US President Donald Trump is expected to announce immigration bans on nationals of six more countries – mostly Muslim-majority nations – in an expanded version of the original travel ban imposed after he took office.
In a press conference on Friday, acting Homeland Security Secretary Chad Wolf said that Washington would no longer issue visa that can lead to permanent residency for nationals of Eritrea, Kyrgyzstan, Myanmar and Nigeria.
He added that targeted immigrant visas were distinct from non-immigrant ones typically issued to visitors, which would not be affected by the ban.
Wolf also said that the US government would no longer issue “diversity visas” to nationals of Sudan and Tanzania. These visas, which drew criticisms from Trump in the past, are those that can be obtained through lottery and are issued for applicants from countries with low rates of immigration to the US.
According to the acting secretary of the US Department of Homeland Security, the six countries allegedly failed to meet US security and information-sharing standards, thus necessitating the new restrictions.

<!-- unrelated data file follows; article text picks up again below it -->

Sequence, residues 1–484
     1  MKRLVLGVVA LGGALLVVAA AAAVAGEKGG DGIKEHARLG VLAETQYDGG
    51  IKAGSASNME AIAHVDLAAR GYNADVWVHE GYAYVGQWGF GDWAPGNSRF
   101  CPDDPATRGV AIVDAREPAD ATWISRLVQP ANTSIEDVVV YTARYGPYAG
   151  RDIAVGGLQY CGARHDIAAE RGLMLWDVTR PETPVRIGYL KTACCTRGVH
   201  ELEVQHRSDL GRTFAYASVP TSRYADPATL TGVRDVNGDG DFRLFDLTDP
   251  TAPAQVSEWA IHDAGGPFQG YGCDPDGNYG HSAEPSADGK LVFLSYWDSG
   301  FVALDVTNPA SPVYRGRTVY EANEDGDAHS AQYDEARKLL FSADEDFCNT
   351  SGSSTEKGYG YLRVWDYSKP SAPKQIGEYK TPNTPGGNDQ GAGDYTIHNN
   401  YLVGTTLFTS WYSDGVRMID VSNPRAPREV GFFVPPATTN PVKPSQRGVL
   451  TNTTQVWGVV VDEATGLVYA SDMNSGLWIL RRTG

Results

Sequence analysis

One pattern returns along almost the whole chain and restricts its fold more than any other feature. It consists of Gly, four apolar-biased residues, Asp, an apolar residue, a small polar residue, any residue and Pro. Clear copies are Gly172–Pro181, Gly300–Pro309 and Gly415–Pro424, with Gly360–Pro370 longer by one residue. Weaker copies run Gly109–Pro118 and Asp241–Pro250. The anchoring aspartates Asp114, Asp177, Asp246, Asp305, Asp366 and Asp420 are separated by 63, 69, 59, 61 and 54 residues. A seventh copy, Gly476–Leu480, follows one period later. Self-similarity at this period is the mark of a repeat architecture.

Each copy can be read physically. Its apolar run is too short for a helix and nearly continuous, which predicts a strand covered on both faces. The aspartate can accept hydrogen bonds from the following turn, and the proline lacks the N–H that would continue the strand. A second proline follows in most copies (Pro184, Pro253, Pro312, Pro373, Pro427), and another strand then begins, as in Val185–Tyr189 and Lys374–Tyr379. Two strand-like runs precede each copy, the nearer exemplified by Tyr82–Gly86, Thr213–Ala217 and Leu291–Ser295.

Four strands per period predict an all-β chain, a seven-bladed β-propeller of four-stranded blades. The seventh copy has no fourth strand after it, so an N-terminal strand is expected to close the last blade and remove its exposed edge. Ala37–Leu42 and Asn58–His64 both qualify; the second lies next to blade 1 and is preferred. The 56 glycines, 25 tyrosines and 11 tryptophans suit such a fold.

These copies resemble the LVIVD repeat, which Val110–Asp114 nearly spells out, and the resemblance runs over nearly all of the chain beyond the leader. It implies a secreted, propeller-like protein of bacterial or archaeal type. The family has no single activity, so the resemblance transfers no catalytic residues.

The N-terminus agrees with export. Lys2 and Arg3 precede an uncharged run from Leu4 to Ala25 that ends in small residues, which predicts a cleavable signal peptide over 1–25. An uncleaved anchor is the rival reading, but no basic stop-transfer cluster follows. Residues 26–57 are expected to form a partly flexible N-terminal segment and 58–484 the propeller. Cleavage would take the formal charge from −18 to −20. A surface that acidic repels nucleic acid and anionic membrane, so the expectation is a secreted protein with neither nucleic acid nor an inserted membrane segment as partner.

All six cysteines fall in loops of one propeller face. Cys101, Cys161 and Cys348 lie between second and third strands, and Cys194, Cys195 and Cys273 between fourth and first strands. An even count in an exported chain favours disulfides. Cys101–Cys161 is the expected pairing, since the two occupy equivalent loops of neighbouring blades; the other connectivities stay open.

“These countries, for the most part, want to be helpful. But for a variety of different reasons simply failed to meet those minimum requirements that we laid out,” Wolf said, citing a range of problems from sub-par passport technology to a failure to sufficiently exchange information on terrorism suspects and criminals.
During his first week in office in January 2017, Trump issued his original travel ban, which prevented almost all immigrants and travelers from seven Muslim-majority countries but after court challenges it reduced to its exiting 5-countries version, which impacted nationals of Iran, Libya, Somalia, Syria and Yemen.
The American president has made his immigration clampdown a focus of his 2020 reelection campaign and is expected to press the issue in the months ahead.
The new move by the Trump’s administration has reignited debate over the discriminately nature of the policy against Muslims. Critics criticize the ban which disproportionately targets Muslim-majority nations.
Back in 2015 and during his campaign for president, Trump called for “a total and complete shutdown of Muslims entering the United States.”
Kyrgyzstan, Nigeria and Sudan are Muslim-majority. Eritrea and Tanzania have sizable Muslim minorities.